The difference between existing and thriving in the wealth management industry? Offer more than money management. Nowadays, things like cash flow planning and security selection aren’t scoring you any points with clients—especially not with the next generation of clients, and especially not during vulnerable times like these.

Today, it’s about understanding the intent of the client’s wealth just as much as it is about growing it. It’s about having a high “emotional IQ” to better understand the client’s motivations and values. It’s about showing empathy and delivering peace of mind during meaningful life events. Advisors taking this more personal approach to their client relationships can offer truly holistic financial plans and see increased client loyalty as a result.

As clients look for guidance in these uncertain times, advisors are in a unique position to rise to the occasion and deliver tremendous value. But how do you begin? One proven way is through charitable planning and consultation. Below are five topics that advisors can broach to deepen existing client relationships and attract new ones.

1. Giving While Living; Giving While Growing
Do not wait to have the charitable conversation with clients. There is no perfect persona, no age, portfolio minimum or life event that marks a client “ready.” In fact, advisors waiting for a significant wealth creation event (like the selling of a business) are likely missing opportune everyday moments to provide their clients with smart advice. The best approach is to regularly have charitable conversations while clients are building their wealth.

This strategy is reinforced when we look at the trend of “giving while living.” More and more people are intentionally giving their proverbial “time, treasure and talent”—that is their hard-earned wealth and skills—during their lifetimes. It allows them to make a difference sooner rather than later and to witness the impact of their generosity firsthand.

Just look at philanthropists’ swift and generous response to COVID-19 relief. In a recent Fidelity Charitable study, a quarter of donors said they plan to increase their donations in response to COVID-19, while 54% plan to maintain their giving levels.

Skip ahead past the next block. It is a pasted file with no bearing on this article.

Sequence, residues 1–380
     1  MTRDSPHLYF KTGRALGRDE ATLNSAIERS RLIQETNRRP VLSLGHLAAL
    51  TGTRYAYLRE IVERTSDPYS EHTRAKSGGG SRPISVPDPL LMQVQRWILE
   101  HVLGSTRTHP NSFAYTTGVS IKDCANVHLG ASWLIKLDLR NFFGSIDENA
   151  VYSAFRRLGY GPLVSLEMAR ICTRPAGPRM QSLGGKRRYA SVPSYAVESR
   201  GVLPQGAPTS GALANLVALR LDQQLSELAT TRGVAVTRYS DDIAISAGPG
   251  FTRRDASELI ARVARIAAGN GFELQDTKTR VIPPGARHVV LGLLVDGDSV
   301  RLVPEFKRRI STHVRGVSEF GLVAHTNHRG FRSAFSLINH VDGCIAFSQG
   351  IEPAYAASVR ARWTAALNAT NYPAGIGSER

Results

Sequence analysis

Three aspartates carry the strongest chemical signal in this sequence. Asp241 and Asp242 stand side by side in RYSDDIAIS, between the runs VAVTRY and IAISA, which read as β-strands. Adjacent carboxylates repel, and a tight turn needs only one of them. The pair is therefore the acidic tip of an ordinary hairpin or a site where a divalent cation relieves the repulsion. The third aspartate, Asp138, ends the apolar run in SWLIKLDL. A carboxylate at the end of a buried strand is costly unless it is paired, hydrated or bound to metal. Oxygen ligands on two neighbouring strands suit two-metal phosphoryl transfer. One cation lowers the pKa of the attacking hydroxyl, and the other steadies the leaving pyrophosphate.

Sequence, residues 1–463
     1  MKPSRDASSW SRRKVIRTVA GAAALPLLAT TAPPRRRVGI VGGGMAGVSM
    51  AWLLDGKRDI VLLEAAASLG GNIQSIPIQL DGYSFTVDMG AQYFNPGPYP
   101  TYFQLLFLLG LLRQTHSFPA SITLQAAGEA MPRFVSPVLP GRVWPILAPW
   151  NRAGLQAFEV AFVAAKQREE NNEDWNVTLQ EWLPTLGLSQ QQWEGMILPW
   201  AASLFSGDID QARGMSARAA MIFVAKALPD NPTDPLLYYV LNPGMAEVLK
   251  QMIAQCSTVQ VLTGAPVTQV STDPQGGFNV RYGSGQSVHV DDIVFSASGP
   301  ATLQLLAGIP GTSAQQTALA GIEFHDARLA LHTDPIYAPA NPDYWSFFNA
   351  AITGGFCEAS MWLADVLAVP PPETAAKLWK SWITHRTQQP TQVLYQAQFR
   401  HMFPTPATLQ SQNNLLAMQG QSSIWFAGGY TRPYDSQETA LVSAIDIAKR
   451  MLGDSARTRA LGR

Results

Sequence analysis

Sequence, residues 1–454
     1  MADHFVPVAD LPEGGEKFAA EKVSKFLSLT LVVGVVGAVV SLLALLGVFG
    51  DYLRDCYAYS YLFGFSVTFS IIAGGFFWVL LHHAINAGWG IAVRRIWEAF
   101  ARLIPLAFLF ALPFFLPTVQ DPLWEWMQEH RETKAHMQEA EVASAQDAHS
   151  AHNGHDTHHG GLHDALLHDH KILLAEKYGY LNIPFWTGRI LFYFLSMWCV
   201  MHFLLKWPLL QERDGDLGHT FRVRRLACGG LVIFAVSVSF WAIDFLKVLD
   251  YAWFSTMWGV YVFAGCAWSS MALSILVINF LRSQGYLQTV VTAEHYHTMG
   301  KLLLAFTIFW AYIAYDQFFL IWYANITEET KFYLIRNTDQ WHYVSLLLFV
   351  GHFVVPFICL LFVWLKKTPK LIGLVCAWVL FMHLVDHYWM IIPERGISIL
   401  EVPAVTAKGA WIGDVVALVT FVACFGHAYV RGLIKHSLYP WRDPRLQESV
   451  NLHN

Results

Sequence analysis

This shift from the traditional approach, of leaving a legacy after passing, takes the onus off estate planners who typically manage bequests and places it squarely on wealth managers to strategically integrate giving into financial and life planning.

2. Involving Younger Family Members
For those who choose giving while living, philanthropy is an integral part of their lives and involving family members is key. Thankfully, the next generation is ready and eager to join the conversation! Over just five years, the percentage of new Fidelity Charitable Giving Accounts opened by millennials more than doubled, from 6% in 2014 to 13% last year. 

The millennial generation, often referred to as the “impact generation,” is diverse, tech-savvy and optimistic about the potential of philanthropy to bring about positive change in the world. Successful advisors are those who support this changing generational attitude toward wealth and position themselves as a facilitator of social good. To do this, advisors must ask a lot of questions and proactively approach clients’ issues of interest. This is how the best advisors are growing with their clients, to avoid clients outgrowing them.

3. Investing With A Social Conscience
It’s no surprise that another trend fueled by young investors is impact investing. Whether you know it as “impact,” “sustainable,” “socially responsible” or “ESG” investing, there are trillions of dollars estimated to be at play with this strategy in America.

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